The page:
Lighthouse Christian School uses the A Beka Book curriculum for K5 and 1st grade. This outstanding curriculum has been used in thousands of schools since 1954, and has proven itself as one of the best Christian school curriculums. The Bible-based A Beka Book curriculum uses phonics for reading development, which has proven itself as a superior way to teach reading and comprehension. This curriculum also teaches basic history and science truths at an early age, as well as introducing important math concepts that will be foundational for the rest of a student’s life. Students who successfully complete the Kindergarten and first grade A Beka Book curriculum will transition easily to the individualized A.C.E. curriculum for grades 2-12.

Lighthouse Christian School uses the Accelerated Christian Education (ACE) curriculum for grades 2-12. The ACE program was first established in 1970 and has since grown into a world-renown curriculum used by thousands of schools around the world. The ACE curriculum completely rethinks the way Christian education should work. In a traditional classroom, time is the constant, and learning is the variable; however, in the ACE classroom, learning is the constant, and time is the variable. Trained supervisors diagnose each student individually and then prescribe the necessary curriculum for their individualized needs. In a traditional classroom, teachers must teach to the middle of the class leaving the bright students bored and the slower students struggling. With the ACE curriculum, however, each student, with the assistance of the supervisor, sets goals for the day and works at his own pace in each subject, allowing the brighter student to move more quickly and the slower student to take his time. In this environment, true, individualized learning takes place for every student.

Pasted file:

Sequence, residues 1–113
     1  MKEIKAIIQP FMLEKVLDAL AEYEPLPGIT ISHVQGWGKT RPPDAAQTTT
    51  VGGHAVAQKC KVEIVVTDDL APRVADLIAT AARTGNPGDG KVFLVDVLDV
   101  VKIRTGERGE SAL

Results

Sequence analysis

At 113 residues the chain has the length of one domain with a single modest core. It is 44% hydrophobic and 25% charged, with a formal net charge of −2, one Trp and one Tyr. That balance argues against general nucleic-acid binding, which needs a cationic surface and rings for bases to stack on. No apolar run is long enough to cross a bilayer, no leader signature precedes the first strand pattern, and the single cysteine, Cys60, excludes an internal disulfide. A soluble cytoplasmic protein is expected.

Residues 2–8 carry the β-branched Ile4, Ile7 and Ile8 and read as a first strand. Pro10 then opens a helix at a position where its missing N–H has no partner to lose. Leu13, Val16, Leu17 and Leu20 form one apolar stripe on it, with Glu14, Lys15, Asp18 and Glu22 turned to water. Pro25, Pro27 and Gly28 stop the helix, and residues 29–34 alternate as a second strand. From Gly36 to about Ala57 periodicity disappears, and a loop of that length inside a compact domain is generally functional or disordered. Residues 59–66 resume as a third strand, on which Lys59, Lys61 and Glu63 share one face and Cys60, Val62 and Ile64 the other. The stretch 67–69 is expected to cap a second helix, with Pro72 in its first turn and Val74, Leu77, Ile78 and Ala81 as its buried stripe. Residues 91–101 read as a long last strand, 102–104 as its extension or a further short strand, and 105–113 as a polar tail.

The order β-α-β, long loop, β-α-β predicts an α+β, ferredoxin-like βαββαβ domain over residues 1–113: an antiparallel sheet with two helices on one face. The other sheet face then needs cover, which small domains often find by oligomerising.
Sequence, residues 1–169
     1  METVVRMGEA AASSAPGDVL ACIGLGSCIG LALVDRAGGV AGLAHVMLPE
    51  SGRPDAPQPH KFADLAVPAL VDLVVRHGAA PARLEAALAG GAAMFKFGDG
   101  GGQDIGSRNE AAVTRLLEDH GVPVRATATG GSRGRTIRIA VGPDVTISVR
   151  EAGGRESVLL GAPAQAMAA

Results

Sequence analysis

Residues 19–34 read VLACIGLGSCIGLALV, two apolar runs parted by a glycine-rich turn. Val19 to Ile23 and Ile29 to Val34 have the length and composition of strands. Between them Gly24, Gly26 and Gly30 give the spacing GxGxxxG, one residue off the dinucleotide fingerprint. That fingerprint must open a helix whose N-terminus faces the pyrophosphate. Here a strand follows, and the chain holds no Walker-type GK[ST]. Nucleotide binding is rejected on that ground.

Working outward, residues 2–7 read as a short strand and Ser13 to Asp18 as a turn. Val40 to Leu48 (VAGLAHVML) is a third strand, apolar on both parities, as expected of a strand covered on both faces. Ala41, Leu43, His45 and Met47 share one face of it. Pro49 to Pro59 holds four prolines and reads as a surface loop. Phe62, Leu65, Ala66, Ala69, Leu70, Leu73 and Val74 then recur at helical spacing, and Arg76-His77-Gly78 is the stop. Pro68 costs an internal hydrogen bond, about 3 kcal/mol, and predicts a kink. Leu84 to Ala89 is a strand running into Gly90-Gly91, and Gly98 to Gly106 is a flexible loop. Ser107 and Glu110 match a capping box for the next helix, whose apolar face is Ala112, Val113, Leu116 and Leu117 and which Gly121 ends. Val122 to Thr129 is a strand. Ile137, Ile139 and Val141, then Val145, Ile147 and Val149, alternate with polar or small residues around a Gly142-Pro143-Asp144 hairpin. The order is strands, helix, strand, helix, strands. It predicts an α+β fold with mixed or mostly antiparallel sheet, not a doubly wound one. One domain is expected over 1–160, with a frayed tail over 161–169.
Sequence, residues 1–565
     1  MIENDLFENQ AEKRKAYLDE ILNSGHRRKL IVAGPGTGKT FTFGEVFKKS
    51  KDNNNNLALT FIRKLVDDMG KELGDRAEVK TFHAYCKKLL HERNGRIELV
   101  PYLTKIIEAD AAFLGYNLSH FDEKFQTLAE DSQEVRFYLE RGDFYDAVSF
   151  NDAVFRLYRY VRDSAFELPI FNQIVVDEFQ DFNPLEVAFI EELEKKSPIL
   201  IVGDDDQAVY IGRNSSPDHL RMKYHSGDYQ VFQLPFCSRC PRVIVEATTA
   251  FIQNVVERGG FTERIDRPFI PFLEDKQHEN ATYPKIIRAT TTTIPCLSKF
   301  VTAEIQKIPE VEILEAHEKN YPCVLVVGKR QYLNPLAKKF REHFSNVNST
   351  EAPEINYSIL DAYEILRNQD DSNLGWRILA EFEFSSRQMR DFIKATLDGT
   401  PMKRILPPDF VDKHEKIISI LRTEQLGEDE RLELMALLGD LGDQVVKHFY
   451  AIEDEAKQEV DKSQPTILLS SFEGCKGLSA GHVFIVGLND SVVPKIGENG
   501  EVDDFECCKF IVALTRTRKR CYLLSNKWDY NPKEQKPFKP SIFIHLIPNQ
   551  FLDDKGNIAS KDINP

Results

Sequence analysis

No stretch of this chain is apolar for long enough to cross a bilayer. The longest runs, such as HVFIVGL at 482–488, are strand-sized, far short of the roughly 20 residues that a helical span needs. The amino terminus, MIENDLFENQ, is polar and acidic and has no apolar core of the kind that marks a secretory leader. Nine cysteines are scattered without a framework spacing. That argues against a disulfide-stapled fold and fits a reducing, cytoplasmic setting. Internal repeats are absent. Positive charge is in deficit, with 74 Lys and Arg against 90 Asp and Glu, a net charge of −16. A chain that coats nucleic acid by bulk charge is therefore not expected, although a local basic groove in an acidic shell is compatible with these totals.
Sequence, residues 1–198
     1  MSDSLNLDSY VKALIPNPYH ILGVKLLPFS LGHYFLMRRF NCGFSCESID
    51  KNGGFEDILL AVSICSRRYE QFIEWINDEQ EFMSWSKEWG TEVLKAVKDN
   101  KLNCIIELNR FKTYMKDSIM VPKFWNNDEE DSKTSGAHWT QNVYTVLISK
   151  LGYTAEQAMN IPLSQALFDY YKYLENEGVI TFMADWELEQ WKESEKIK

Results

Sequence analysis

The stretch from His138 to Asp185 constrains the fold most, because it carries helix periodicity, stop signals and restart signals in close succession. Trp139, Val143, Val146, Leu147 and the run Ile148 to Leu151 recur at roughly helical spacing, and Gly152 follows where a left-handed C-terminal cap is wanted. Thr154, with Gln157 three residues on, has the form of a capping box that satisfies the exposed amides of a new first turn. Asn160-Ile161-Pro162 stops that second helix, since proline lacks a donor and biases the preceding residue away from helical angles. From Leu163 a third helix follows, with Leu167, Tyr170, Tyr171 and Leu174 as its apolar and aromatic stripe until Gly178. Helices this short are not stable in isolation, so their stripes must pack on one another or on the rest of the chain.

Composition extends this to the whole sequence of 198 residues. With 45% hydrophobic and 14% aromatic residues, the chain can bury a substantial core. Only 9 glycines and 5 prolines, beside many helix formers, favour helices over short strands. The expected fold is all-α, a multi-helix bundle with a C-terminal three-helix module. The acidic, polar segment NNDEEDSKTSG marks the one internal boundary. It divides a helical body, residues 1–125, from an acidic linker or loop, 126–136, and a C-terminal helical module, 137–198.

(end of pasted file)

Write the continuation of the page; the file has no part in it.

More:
Each student is given his own “office” where he has his own quiet place to work. PACEs (Packets of Accelerated Christian Education) are the curriculum used in the ACE program. Each student will read the information and answer the corresponding questions. Upon reaching a checkup or a self-test, the student must receive permission to take the “quiz” and then receive additional permission to score it. When a student needs to score something, he simply gets permission and goes to the scoring table where the answer key is kept (this is a different answer key than the final test). There are a series of checks and balances that keeps the student from cheating. This process has proven extremely effective over the past several decades. Interactive computer courses are also available for additional practice and for some of the more advanced subjects and foreign languages. For more information, visit to see more about this excellent curriculum.

A          90-100

B          80-89

C          70-79

D          65-69

F           0-64